One thing the MF Global collapse has done is shine a spotlight on the investor safety nets in both Canada and the United States. It turns out one of them is pretty well constructed – if a little slow to unfurl – while the other one is riddled with gaping holes.
And guess what? No matter how much we might like to grumble about the inefficiencies of Canada’s securities regulatory system, when it comes to catching investors who are falling from a collapsing brokerage firm, this is the place to be.
Until now, the Canadian Investor Protection Fund’s (CIPF) biggest cases – which, thankfully, have been few and far between – have involved home-grown failures. The MF Global bankruptcy, with its cross-border nature, has afforded us a rare opportunity to see both the CIPF and its U.S. equivalent – the Securities Investor Protection Corp. (SIPC) – in action, side-by-side. It’s like the Pepsi Challenge of investor protection systems.
And with a commodity-futures-centric brokerage firm such as MF Global, it didn’t take long to discover which one left the foul taste in investors’ mouths.
It turns out that the SIPC doesn’t cover futures accounts. If you were trading commodity or financial futures through MF Global and you have funds that are missing, the SIPC won’t give you a red cent to make up the difference.
The SIPC does protect MF Global’s U.S. customers’ traditional securities brokerage accounts – basically, stocks and bonds. But only about 1 per cent of MF Global’s 50,000 U.S. accounts were securities accounts.
CIPF, by contrast, covers all investment accounts at CIPF member firms, regardless of whether they hold stocks, bonds, futures or currencies.
This massive hole in the U.S. protection system is an unfortunate accident of history.
The U.S. Securities and Exchange Commission deals with stocks and bonds, and it’s the SEC’s regulatory framework from which the SIPC emerged in 1970. The regulation of futures – an asset class that, at the time of the SIPC’s creation, was of no interest to the average investor – evolved entirely separately, and is overseen by the Commodity Futures Trading Commission. Even as futures trading emerged as a vibrant product for retail investors in recent years, neither the CFTC nor the futures-trading industry have seen fit to set up an investor compensation fund similar to the SIPC. (The big U.S. futures-market operator, CME Group Inc., has offered financial guarantees to MF Global’s U.S. bankruptcy trustee to help it return some money back to clients, but it does not guarantee investor assets held by its member brokerage firms.)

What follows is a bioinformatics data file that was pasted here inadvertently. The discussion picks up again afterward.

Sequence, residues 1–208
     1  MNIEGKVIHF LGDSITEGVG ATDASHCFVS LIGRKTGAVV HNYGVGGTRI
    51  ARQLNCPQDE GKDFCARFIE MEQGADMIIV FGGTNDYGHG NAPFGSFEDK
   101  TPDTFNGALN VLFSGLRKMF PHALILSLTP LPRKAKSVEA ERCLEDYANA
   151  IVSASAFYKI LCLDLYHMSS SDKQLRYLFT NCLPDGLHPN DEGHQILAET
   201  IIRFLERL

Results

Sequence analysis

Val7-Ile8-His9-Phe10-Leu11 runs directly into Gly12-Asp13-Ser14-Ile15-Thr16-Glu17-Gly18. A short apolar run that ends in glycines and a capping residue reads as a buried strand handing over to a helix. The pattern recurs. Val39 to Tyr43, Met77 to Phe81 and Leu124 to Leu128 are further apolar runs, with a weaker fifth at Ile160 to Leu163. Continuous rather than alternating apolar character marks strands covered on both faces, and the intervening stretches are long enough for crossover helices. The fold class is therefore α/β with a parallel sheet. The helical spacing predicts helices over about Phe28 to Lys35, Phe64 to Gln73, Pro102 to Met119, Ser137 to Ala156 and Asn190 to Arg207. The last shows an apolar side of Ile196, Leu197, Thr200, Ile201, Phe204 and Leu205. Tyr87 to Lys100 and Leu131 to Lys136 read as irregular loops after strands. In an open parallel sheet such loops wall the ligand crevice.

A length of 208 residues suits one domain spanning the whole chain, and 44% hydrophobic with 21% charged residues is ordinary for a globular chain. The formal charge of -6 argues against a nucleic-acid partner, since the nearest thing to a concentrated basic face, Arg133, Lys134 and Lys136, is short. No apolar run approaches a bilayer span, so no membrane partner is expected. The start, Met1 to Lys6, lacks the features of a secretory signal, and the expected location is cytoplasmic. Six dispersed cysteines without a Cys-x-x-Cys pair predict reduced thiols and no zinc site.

Even for the handful of MF Global’s U.S. clients who are protected by the SIPC, coverage pales in comparison to the backstop the CIPF provides for Canadian clients.
In Canada, each account (with a few exceptions, mostly involving insiders) is eligible for reimbursement from the CIPF of losses up to $1-million in the event of an insolvency. There’s no limit on the cash portion of these reimbursements; the entire amount can be taken in cash, if that’s what the client lost.
The SIPC? It covers the first $500,000 (U.S.) in losses for each account. And it has a $250,000 maximum on the cash portion of any claim.
Anyone feeling like joining me in a chorus of O Canada right about now?
Sure, plenty of Canadian investors haven’t been thrilled with the way MF Global Canada’s bankruptcy has played out. The Canadian arm of MF Global’s empire wasn’t actually insolvent (it was forced into bankruptcy due to a short-term capital shortfall, when funds residing south of the border got frozen in its parent’s U.S. bankruptcy), and all of its funds appear to have been present and accounted for, yet Canadian clients went weeks with their accounts frozen, unable to trade or even to get to their cash. And the regulators, the CIPF and the court-appointed trustee haven’t done the best job of communicating their progress to nervous stakeholders.
Still, Canadian clients have had their accounts transferred, intact, to other brokerage firms: it doesn’t look like anyone is going to lose a penny. MF Global’s U.S. customers – with a long road and a lot of questions ahead of them, and a weaker protection system to help them – can only wish they could say the same thing.
Editor's note: The Canadian Investor Protection Fund covers all accounts at CIPF member firms. Incomplete information appeared in an earlier version of this column.